Big ring vs little ring

Location
I'boro
Could anyone help me with this question please and i will apologise now as it might well be a silly question !
If i am in lets say gear 14 - big chain ring and 3 , or in the similar cadence/speed gear in the small chainring about 8 or 9 . are my legs working harder because i am in the big chain ring . It even sounds a stupid question as i am typing ! maybe its all in my head but it seems like it tires me quicker in the big ring . Quite prepared for a barrage of sarcasm but would be nice to be told if there is any difference eventually as well - thanks
 

Smokin Joe

Legendary Member
If the gear ratio is the same there will be no difference in effort required. I think you're suffering from "If I'm on the big ring it must be harder" syndrome.

Happens to us all. Now be quiet and finish your dinner.
 

Milkfloat

An Peanut
Location
Midlands
It totally depends on your exact gearing. There are plenty of gears that are the same/similar depending on big/small ring and in theory if the gearing is exactly the same then big/small should not matter unless you have friction from cross chaining or rubbing on a mech.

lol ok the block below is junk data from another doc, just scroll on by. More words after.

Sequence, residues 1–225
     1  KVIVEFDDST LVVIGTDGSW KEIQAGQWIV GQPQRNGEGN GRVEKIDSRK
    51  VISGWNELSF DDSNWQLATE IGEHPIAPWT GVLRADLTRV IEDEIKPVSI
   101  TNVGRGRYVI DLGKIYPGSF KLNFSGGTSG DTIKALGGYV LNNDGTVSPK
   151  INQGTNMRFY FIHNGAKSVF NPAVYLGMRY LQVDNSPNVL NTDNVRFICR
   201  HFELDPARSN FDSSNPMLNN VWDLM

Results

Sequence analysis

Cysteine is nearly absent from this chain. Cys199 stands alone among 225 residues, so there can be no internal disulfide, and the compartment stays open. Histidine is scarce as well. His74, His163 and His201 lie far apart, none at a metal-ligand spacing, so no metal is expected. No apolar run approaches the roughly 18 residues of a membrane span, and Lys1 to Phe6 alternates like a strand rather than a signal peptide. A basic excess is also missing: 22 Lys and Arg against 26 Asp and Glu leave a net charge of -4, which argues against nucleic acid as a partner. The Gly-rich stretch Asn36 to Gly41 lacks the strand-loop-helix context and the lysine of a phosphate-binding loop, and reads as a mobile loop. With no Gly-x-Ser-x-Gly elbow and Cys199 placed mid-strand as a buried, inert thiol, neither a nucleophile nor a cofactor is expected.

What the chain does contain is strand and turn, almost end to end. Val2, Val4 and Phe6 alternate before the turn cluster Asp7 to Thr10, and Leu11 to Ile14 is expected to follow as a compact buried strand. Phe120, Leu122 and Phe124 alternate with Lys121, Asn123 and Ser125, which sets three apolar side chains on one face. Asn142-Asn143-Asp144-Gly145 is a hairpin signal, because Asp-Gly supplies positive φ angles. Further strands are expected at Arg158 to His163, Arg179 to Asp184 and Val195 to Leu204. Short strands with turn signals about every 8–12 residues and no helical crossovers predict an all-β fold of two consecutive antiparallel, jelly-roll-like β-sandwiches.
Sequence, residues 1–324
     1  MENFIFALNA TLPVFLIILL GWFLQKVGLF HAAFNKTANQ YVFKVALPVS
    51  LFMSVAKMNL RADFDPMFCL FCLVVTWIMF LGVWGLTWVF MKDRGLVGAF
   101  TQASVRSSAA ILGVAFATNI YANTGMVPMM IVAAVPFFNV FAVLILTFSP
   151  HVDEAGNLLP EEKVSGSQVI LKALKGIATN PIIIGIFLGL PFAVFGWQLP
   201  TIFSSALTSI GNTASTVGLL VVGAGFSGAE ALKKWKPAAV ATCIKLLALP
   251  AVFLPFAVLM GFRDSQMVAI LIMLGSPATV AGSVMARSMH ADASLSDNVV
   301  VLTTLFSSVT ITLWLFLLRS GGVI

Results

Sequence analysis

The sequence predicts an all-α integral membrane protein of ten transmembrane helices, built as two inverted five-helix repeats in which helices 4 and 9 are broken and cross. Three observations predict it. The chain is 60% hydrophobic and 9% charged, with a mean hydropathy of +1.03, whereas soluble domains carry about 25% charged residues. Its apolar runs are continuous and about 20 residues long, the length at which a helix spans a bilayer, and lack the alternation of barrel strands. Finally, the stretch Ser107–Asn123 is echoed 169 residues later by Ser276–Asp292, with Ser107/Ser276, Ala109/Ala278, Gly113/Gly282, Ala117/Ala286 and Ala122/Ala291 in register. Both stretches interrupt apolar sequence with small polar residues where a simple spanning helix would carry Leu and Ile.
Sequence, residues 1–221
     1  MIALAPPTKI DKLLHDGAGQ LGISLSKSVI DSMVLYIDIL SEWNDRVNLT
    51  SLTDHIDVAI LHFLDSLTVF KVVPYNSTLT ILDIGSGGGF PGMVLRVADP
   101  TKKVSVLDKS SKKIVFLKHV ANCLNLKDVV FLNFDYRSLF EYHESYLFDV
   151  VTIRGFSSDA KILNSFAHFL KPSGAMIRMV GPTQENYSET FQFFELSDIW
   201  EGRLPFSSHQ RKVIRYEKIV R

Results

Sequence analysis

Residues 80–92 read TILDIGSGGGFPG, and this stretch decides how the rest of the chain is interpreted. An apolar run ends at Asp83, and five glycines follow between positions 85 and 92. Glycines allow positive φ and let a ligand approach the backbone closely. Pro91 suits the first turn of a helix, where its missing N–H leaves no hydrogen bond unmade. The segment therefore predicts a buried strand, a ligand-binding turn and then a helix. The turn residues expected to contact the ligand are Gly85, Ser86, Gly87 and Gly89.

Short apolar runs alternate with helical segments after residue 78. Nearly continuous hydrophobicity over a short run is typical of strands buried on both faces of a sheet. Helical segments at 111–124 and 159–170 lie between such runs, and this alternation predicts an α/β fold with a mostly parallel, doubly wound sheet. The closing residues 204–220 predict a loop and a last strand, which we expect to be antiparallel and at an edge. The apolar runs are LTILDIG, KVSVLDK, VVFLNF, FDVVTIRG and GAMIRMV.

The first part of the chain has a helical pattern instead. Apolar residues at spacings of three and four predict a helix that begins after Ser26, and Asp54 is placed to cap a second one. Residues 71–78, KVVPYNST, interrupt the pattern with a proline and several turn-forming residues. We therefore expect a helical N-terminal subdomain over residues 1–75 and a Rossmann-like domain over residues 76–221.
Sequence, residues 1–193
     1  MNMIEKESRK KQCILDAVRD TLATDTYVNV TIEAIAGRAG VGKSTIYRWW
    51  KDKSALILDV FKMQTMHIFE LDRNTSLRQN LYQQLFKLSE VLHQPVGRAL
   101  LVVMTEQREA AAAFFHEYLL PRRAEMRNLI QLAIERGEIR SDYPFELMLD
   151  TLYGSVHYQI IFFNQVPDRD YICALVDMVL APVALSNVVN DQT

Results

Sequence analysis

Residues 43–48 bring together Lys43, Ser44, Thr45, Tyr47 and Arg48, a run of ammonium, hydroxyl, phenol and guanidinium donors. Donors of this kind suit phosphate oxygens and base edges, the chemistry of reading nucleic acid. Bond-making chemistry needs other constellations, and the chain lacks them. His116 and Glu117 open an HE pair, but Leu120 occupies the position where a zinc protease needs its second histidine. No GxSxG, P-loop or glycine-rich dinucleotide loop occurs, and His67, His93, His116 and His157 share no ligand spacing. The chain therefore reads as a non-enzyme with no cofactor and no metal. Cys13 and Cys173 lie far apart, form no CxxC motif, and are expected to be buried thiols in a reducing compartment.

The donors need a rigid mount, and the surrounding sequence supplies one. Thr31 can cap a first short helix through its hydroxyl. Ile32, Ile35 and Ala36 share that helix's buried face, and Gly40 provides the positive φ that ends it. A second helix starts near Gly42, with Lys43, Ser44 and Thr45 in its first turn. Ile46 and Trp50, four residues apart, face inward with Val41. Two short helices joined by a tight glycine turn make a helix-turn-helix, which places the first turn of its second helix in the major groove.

Hacienda71

Mancunian in self imposed exile in leafy Cheshire
You should consider which ring to use by which gives you the best chain line. Unfortunately compacts have a big jump from large to small so can encourage staying in the big ring even if your chainline is not good.
 
OP
berty bassett
Location
I'boro
thanks for quick replies - and some were even helpful !! but are you definitly sure ? i've been thinking of this while i have been having my dinner and i know little demons can creep in when your trying hard and i might be finding excuses - any chance of a scientific formula
 

Citius

Guest
any chance of a scientific formula
Just consult one of the many gear tables available on the internet.
 

Dan B

Disengaged member
any chance of a scientific formula
Divide the number of teeth on the chainring by the number on the sprocket (higher numbers are harder to push, but will make you go further). If you have more than one bike with different wheel sizes, multiply by wheel size (radius, diameter, circumference, whatever)
 
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